All of this might sound mundane, and like the kind of thing that plenty of people deal with — and that's partly the point. Full Time hones in on the rush, hustle and bustle to impress how fraught this vision of normality is, and how draining. It isn't by accident that the film is nerve-wracking and sweat-inducing to watch. Gravel shows why that tired stare when the alarm goes off is the only thing that someone in Julie's situation can possibly sport. With the marvellous Calamy proving indefatigable at playing fatigued, the filmmaker truly sees his central character, her stresses and that she's at her wits' end, and he makes his audience feel every aspect of her struggle. One such tactic, as straightforward as it is, couldn't be more effective: for Calamy and for the frames that capture her alike, there's simply no rest.
Every sharp, cold, tourism-flouting shot by cinematographer Victor Seguin (Gagarine) ripples with tension and drips with anxiety, including extreme closeups of Julie slumbering and hurtling almost-chase sequences as she flits around; her plight, and the nonstop slog, is inescapable. That keeps ringing true as she scrambles everywhere — her rustic cottage, which she'd clearly like to spend more time in; the route to her local railway station, even though the trains are barely running; and her workplace, where she's at her most composed in her pristine maid's uniform, although it can't mask her inner turmoil. On the Parisian streets, she's frequently sprinting; calling the movie Run Julie Run instead would've fit. Visually, every image that graces Full Time adds to the bubbling, broiling pressure cooker, so much so that feeling like only a tragic end can come — and desperately hoping and praying otherwise — ramps up the intensity for viewers.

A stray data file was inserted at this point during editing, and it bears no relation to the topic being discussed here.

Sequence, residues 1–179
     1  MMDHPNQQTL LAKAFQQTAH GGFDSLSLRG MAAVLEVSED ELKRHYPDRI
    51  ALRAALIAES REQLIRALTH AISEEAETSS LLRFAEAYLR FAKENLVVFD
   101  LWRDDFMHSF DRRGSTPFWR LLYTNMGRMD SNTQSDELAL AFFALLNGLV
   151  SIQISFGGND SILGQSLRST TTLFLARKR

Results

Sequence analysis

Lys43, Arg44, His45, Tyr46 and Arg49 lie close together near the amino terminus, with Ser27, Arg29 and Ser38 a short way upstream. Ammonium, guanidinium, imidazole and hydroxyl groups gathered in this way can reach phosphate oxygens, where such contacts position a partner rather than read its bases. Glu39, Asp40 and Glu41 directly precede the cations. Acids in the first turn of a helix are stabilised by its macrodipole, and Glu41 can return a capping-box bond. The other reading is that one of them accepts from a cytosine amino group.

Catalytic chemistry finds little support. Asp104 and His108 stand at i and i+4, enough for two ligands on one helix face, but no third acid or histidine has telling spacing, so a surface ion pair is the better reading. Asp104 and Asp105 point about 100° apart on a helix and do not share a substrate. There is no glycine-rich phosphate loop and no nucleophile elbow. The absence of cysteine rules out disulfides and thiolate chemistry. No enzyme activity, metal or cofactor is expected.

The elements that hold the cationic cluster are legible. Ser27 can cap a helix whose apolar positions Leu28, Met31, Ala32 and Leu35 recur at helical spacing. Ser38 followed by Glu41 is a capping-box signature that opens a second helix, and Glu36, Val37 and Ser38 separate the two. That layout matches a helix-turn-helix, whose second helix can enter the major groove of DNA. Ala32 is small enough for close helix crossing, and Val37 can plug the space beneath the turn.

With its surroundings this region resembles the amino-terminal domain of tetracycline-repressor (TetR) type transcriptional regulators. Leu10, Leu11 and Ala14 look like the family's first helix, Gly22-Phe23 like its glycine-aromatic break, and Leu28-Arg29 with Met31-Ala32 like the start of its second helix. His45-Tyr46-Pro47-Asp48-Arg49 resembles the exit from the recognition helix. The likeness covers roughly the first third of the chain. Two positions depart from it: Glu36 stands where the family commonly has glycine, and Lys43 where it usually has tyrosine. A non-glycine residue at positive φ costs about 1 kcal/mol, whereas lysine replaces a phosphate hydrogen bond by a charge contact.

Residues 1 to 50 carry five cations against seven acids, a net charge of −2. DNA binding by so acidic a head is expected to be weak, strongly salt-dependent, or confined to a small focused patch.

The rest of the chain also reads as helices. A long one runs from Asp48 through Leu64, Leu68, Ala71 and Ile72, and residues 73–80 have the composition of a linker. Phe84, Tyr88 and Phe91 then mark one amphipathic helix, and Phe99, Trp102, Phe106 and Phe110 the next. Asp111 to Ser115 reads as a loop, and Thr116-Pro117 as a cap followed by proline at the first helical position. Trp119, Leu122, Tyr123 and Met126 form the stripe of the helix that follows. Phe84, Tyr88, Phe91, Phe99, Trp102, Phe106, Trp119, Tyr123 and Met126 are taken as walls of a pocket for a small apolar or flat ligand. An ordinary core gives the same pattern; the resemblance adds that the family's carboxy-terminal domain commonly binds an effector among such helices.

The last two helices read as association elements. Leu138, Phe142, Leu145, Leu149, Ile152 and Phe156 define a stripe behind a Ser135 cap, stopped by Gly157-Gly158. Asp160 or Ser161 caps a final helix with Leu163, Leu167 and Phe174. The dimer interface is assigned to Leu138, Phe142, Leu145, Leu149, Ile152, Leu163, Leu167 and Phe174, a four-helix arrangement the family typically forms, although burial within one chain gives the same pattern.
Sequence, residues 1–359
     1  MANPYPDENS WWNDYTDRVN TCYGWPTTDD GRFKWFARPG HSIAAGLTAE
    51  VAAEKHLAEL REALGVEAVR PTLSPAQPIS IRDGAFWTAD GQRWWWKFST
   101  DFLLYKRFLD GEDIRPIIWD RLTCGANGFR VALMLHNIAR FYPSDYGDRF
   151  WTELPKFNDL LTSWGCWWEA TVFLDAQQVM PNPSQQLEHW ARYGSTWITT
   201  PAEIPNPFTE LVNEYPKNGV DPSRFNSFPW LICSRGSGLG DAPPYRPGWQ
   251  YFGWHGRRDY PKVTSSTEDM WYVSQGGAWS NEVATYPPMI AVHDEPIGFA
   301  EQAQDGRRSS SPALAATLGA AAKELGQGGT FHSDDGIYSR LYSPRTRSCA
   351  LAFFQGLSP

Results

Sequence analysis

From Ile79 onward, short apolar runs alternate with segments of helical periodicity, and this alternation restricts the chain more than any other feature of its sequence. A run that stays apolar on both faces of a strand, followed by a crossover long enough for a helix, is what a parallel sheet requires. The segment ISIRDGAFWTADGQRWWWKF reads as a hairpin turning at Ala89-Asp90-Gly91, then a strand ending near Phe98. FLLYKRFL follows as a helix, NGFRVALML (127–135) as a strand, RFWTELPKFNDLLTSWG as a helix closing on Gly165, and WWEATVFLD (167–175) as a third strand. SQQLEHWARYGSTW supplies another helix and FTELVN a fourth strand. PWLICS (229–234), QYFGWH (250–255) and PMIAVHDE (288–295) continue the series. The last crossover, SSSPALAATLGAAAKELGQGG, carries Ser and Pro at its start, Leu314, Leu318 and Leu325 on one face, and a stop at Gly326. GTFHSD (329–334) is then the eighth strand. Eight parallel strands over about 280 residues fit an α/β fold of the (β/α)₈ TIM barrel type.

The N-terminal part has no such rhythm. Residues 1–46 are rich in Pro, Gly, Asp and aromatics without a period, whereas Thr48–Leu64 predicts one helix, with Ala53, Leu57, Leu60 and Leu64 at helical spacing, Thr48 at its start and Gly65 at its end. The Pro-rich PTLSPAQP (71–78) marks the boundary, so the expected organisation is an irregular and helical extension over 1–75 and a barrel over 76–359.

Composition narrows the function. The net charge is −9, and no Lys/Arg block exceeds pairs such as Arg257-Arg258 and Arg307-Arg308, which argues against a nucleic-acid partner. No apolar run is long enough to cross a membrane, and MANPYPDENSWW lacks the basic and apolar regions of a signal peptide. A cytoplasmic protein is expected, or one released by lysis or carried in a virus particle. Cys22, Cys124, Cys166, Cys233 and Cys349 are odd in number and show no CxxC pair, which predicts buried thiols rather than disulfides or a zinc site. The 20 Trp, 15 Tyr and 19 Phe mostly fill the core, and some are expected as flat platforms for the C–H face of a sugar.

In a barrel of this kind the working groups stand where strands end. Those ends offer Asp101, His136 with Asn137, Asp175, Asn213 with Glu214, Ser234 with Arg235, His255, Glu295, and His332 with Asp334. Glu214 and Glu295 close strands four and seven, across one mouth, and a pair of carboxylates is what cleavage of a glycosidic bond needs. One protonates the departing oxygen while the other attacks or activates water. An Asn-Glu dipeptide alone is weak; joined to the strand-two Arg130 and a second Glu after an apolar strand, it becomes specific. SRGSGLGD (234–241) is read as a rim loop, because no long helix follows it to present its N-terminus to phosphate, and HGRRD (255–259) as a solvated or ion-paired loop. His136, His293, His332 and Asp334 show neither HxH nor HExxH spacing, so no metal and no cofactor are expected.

Calling the end result frenetic and kinetic still doesn't completely capture what a blood pressure-raising experience Full Time is, while remaining devastatingly empathetic and insightful; if The Worst Person in the World met Uncut Gems, it might look like this. The rhythm amplified by editor Mathilde Van de Moortel (Mustang) doesn't give up, and the score by first-time composer Irène Drésel earns the same description. A wealth of feelings and ideas linger along the way — the ever-swirling array of roles that Julie has to play, which makes Calamy's performance all the more remarkable; the intimate and sensory dive that Gravel takes, ensuring that the full brunt of Julie's experiences is unavoidable; and how the character's tussles and vulnerabilities, and the strike for better working conditions, run in parallel. One of the great feats that Full Time achieves: making all of this linger, and this exceptional feature in general, the next time that your own alarm goes off.